“Professor Soyinka”, I began, ” when in 1987, the French Ambassador to Nigeria at the time, Jean Christophe – Mitterrand, son of former French President Mitterrand, decided to confer upon you with the insignia of the Legion d’honour, France’s highest national honour, he said, and I quote: ‘a speech is expected of me, but I would much prefer to remain silent, and hand over to you the insignia of this new honour. For how do I dare raise my voice, even in praise, against this master of the language? How do I raise my voice against that booming overpowering voice which has sounded with resonance all over the world?”
I then paused, shifted my glance towards Justice Oputa, saw both encouragement and a distinct smile on his sage – like face, and resumed: “But, Professor, today, unlike the French Ambassador, I must raise my voice.” The urbane Professor regarded me with palpable incredulity, shifted his gaze to Justice Oputa who maintained a poker face. Soyinka then returned the gaze to me, and allowed a benign smile, revealing well shaped professorial teeth.
I resumed: “Professor, at the time you were receiving the insignia of the Legion d’honour from the French Ambassador, Camerounian gendarmes, with the active support of France, were over – running Nigeria’s Bakassi Peninsula. Why, Professor, did you not decline this award?” At that point, an enraged Chief Ayanlaja SAN, sprang to his feet, shouting “objection, my Lords, objection.”
But Justice Oputa quickly overruled the objection, holding that since it was a fact – finding proceeding, the witness was bound to answer the question.” At that point, I cast a quick glance at our client, Dr Ofonagoro, who responded with a thumbs – up sign. My colleague, Nomnso, still sitting, clutched my lower right leg in glee, silently muttering, “Old World Guyman, Old World Gee.”
Justice Oputa then spoke directly to the distinguished witness, and asked him to answer the question. The Professor responded that the award was in recognition of literary accomplishments, and his tremendous service to humanity.
I then followed up by reminding him that the petition served on Doctor Ofonagoro did not contain a copy of any of the letters allegedly sent to Emory University in disparagement of his reputation. He agreed and said that it must have been the fault of his lawyers. I looked across to Chief Ayanlaja and noticed some sweat on his brow. He was desperately foraging for the letters in a massive file, succeeding in finding only one. He then sought the leave of the Panel to tender it from across the bar to which I vehemently objected, on the ground that he had closed the Professor’s case, and that the belated tendering was a veritable ambush, calculated to take me by surprise. After a few heated exchanges between me and the Chief, Justice Oputa overruled my objection, holding that since the proceeding was for fact – finding, the Tribunal was minded to admit it in evidence. He ruled that to avoid surprises, the newly admitted document be given to me for perusal, and that if I needed time to study it, the Tribunal would adjourn and give me time, in the interest of justice.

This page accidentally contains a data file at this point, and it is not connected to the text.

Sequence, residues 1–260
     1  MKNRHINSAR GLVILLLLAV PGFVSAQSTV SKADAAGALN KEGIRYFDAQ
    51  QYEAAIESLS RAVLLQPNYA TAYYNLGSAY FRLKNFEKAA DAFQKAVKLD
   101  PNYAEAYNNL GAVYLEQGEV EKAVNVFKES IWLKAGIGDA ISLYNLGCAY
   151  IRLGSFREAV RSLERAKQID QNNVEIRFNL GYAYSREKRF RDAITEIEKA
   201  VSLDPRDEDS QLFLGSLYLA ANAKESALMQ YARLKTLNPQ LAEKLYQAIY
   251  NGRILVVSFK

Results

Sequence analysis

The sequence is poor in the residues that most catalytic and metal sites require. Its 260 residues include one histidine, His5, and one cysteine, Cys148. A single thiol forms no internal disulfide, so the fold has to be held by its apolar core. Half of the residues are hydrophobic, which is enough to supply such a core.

However, I quickly read the document, and finding that it was neither authored by Doctor Ofonagoro nor by any officer of the Federal Ministry of Information which Ofonagoro had headed in the Abacha regime, I quickly indicated to Justice Oputa that we were prepared to continue, and that we did not need an adjournment. As a matter of fact, the letter in question had been authored by a certain Chief Opadokun, who held no office during the Abacha interregnum. Meanwhile, Chief Ayanlaja was nudging me to seek for adjournment to enable me study the letter properly, promising not to oppose my application. But I sensed what the wily Chief was up to. He had forgotten the really damning letters back in his office in Lagos, and was only bidding for time to produce and tender them at the next adjourned date.
Justice Oputa indicated that I continue the cross – examination. I motioned to the Secretary of the Tribunal to give to Professor the just admitted exhibit. “Professor”, I resumed, “take a proper look at the exhibit you are holding, and kindly show the Panel Doctor Ofonagoro’s name on the letter”. The Professor took one perfunctory look at the exhibit and responded in that booming voice of his: “Ofonagoro’s name is not there”. “Who then signed the letter”, I pressed further. “Chief Opadokun”, he responded. “Would you know, Professor, whether Chief Opadokun held any position in the Abacha regime?” “To the best of my knowledge, he held none, but we all knew the face behind the mask”, he quipped.
I continued: “Professor, did you ever know a man by the name, Christopher Okigbo?” The Professor said he knew him, and that Christopher Okigbo of blessed memory was his bosom friend and colleague at the University of Ibadan. “Sir, just like you, the late Christopher Okigbo was a precocious writer, and a quintessential poet.” He agreed. He then asked me whether I had read any of Okigbo’s works, to which I reminded him very courteously that I was the one to ask the questions – not him.